Newborn infants are dependent on their mothers for immediate immune system protection.
Eventually, they’ll develop their own adaptive immunity from vaccines and brushes with pathogens — but their first line of defense upon entry into the world is antibodies given to them in the womb.
These antibodies aren’t just anybodies, however; they provide enhanced protection compared to the ones adults typically make. Researchers at Cincinnati Children’s Hospital believe they’ve uncovered how these “amped-up” antibodies are made in mice — and how we might be able to copy them.
The insight could also lead to better antibody therapies, allowing researchers to create similarly enhanced antibodies in the lab.
“This discovery paves the way for pioneering new therapies that can specifically target infections in pregnant mothers and newborns babies,” Cincinnati Children’s Division of Neonatology doctor and study first author John Erickson said.
“I believe these findings also will have far-reaching implications for antibody-based therapies in other fields.”
Enhanced antibodies: Antibodies are large, y-shaped proteins that play a key role in the body’s immune system. Think of them like bloodstream shurikens, which stick to specific spots on a pathogen, incapacitating it and painting it as a target for T cell reinforcements.
They do have their limitations, though.
“For many years, scientists believed that antibodies cannot get inside cells. They don’t have the necessary machinery,” study author and doctor in Cincy Children’s Division of Infectious Disease Sing Sing Way said.
Because of this, it’s generally been assumed that pathogens that cause disease only inside of our cells — called intracellular infections — are “invisible” to antibody therapies.
Diseases like HIV and (crucially for children) RSV do their damage from inside.
What the researchers found in their study, published in Nature, was that pregnancy modifies the antibodies to be able to protect against a greater variety of pathogens, including those that operate intracellularly.
These antibodies aren’t just anybodies, however; they provide enhanced protection compared to the ones adults typically make.
During pregnancy, a sugar in antibodies (called sialic acid) switches from an “acetylated” form to a “deacetylated” form.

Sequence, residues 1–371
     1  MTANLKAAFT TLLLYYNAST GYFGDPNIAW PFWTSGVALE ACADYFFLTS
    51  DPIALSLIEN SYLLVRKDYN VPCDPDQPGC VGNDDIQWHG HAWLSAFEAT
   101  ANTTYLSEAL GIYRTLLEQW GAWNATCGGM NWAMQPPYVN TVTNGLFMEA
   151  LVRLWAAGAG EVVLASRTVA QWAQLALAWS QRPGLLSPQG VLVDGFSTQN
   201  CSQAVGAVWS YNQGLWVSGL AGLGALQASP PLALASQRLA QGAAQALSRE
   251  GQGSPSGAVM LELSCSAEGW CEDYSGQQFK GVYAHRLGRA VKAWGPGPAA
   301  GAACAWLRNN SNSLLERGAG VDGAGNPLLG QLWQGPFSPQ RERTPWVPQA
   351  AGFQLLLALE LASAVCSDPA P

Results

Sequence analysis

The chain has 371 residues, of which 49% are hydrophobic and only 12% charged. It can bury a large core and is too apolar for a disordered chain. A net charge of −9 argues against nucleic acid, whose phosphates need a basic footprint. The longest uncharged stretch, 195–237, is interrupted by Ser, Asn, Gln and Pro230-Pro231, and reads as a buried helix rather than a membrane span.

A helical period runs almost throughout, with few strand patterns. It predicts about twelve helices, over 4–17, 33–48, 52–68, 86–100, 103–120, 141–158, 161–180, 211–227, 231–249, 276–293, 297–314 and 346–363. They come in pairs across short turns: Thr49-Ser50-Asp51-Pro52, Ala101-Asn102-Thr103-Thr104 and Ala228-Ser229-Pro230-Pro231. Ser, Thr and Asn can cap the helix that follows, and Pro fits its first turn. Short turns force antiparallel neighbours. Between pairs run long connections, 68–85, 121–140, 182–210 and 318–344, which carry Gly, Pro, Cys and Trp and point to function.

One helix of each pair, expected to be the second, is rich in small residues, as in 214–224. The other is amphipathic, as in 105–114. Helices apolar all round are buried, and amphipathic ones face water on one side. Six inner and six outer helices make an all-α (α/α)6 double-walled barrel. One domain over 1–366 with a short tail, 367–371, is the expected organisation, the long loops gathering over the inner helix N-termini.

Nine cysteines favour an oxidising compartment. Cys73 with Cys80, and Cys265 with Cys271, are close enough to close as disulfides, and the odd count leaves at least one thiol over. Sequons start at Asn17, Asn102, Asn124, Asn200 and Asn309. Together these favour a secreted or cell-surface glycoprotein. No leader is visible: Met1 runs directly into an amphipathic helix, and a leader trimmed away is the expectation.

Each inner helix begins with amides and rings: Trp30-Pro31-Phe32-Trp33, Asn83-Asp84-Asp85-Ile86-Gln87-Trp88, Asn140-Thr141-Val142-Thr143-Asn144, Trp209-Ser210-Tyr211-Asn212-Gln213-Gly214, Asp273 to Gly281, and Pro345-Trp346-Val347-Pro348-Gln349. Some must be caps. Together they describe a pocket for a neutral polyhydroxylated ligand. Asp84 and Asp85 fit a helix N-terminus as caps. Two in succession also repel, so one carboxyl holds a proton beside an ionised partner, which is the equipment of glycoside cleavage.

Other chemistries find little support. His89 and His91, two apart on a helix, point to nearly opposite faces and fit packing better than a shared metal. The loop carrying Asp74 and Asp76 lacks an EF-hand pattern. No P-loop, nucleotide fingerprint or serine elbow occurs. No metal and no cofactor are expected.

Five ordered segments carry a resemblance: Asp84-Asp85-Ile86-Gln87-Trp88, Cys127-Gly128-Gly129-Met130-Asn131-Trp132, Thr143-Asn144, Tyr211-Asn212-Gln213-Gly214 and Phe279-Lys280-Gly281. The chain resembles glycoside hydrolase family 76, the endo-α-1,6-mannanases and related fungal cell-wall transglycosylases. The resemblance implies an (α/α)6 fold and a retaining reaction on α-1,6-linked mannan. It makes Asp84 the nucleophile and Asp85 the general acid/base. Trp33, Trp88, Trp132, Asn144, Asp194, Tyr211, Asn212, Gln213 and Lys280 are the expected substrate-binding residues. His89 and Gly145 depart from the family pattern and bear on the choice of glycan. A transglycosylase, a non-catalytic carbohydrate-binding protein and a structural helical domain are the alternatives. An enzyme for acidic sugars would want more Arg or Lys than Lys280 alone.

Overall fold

It’s a subtle shift, the authors say, but it grants the most common form of antibody with a new ability: it can stimulate receptors on cells that work with deacetylated sugars.
“This change is the light switch that allows maternal antibodies to protect babies against infection inside cells,” Way said.
The study found that these antibodies continue to be passed along during breastfeeding, highlighting the importance of vaccination for mothers, and it makes the case that designing vaccines against common infant infections should be a research priority.
“The immunity needs to exist within the mother for it to be transferred to her child,” Way said. “Without natural exposures or immunity primed by vaccination, when that light switch flips during pregnancy, there’s no electricity behind it.”
While the research was conducted in mice, the team found that the enzyme responsible, called SIAE, was also expressed in higher levels in pregnant humans; more research will be needed to prove exactly if and how this mechanism works in humans.
Pregnancy antibodies in the lab: The team first uncovered the differences between the antibodies of virgin mice and pregnant ones by using advanced mass spectrometry, according to the hospital, and then confirmed that the enzyme, SIAE, drives the change.
They were also able to enhance the immune protection of pups born to mothers who didn’t flip the super-antibody switch by providing them with lab-made versions. (Cincinnati Children’s has filed a patent on the process.)
This suggests that we may be able to flip that sugar switch synthetically for future antibody therapies that can target intracellular infections like HIV and RSV, harnessing the power of pregnancy antibodies.
“Mothers always seem to know best,” Erickson said.
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